Heroin addiction can be treated in part with medications. Medications may be used during withdrawal to help manage symptoms, as well as throughout treatment to encourage sobriety and prevent cravings. The Food and Drug Administration has approved three medications in the treatment of opioid use disorders: methadone, buprenorphine, and naltrexone.15 Lofexidine (Lucemrya) may also be used to manage opioid withdrawal symptoms.
Methadone lessens symptoms of withdrawal and prevents cravings by imitating the effects of illicit opioid drugs like heroin. This medication, a powerful full opioid agonist, may be used only during detox, or as a maintenance drug throughout the course of medication-assisted treatment.16
While methadone has been used for several decades for drug rehabilitation, it is still a very carefully controlled substance. As a result, it is often only administered to patients in a licensed methadone clinic.16
Buprenorphine is another medication that treats cravings and withdrawal from heroin by mirroring the effects of opiates within the brain. This medication differs from methadone in that it is only a partial opioid agonist and carries with it a lower abuse potential and a lower risk of overdose. This makes it more likely to be prescribed by physicians in an outpatient setting.17
Naltrexone works differently than methadone and buprenorphine. Instead of mimicking the effects of heroin, this drug is an opioid antagonist, which means it blocks opioid receptors in the brain, stopping the drugs from producing the rush of euphoria or having any effect.18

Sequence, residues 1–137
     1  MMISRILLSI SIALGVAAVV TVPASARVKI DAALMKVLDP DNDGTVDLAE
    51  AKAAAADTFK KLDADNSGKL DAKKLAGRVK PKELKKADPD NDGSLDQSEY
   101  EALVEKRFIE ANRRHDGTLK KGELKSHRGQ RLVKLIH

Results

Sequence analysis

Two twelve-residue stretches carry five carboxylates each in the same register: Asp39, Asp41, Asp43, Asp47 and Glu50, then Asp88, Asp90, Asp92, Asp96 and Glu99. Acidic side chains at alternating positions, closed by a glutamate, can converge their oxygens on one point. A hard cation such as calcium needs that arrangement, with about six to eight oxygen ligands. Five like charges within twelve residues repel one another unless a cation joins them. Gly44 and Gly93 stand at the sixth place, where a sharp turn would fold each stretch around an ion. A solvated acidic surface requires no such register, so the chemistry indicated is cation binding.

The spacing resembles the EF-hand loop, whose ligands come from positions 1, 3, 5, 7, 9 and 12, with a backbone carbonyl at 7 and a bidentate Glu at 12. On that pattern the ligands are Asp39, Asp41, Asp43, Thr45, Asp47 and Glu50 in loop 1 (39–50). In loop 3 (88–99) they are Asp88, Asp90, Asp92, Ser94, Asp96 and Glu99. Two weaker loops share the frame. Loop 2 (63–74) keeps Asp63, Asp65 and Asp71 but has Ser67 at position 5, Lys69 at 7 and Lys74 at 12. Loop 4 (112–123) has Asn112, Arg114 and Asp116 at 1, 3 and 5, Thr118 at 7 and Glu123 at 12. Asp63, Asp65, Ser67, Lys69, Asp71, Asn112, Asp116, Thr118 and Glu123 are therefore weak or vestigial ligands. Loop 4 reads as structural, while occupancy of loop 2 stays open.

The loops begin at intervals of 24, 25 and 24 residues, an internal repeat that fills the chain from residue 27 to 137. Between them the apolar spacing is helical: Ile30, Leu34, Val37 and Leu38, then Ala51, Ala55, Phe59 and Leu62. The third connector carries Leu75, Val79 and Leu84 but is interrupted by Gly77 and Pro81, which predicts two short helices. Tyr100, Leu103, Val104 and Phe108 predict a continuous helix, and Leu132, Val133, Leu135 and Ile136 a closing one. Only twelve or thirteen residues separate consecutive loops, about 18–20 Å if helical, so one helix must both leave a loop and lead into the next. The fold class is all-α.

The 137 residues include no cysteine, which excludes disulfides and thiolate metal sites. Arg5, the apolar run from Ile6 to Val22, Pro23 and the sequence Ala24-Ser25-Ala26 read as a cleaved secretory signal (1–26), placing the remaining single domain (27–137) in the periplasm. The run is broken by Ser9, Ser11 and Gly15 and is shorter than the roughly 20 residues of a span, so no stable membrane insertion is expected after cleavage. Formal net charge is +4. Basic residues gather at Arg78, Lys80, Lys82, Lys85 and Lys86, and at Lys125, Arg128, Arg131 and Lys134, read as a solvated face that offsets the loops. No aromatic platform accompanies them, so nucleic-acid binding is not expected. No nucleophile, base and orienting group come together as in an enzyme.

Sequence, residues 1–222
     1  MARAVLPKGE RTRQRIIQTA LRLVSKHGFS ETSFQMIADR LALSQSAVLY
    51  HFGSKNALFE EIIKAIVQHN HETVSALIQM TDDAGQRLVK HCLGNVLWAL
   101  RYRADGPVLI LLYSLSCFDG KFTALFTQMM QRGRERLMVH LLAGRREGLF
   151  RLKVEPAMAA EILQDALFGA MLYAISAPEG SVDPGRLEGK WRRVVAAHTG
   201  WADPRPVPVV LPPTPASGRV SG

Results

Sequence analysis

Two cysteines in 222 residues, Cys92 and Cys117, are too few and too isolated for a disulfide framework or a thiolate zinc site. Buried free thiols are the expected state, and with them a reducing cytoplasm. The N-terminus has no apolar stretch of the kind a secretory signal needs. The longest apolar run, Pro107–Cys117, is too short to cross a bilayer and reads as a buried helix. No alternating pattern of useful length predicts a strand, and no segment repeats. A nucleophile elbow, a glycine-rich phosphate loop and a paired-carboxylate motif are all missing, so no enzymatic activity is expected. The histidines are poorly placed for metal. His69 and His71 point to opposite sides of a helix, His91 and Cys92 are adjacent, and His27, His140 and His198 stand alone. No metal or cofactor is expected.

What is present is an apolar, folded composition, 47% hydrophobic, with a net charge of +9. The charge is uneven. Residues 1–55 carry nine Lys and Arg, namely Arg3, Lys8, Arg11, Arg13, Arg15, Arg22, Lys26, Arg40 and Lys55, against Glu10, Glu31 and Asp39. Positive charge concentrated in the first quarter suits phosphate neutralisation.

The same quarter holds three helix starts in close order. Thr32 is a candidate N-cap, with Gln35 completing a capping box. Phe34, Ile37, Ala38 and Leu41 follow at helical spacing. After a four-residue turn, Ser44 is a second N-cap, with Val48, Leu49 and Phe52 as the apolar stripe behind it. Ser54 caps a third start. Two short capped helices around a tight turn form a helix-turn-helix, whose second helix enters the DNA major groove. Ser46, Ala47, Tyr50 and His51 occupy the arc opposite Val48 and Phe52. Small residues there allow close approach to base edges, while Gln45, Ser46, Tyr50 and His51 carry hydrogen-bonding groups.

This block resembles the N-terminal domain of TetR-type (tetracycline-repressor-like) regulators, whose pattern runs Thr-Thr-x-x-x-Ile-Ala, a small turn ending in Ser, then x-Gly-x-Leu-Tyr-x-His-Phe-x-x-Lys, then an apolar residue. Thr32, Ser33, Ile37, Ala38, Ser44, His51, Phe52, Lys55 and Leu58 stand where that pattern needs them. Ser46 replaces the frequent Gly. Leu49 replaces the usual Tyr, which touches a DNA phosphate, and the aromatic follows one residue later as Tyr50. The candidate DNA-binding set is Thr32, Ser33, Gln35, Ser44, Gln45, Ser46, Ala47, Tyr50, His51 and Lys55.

Lofexidine helps reduce opioid withdrawal symptoms by reducing the actions of the neurotransmitter norepinephrine, which is thought to play a role in many of the symptoms of opioid withdrawal. Like naltrexone, it does not mimic the effects of heroin or other opioids, making it safe to administer in an outpatient setting.19
There are several different kinds of behavioral therapies that can be used in the treatment of opioid use disorder. Two therapy approaches often used for treatment of heroin addiction include:
Cognitive behavioral therapy focuses on detrimental patterns of thought and behavior that are contributing to addiction. The individual in treatment learns to identify these patterns, and replace them with new, healthy patterns of behavior and thought instead.5
Contingency management creates positive associations with treatment, to encourage the individual to engage in the treatment process and maintain sobriety. Positive reinforcement is used to support certain behaviors, like reaching goals or abstaining from drug use.5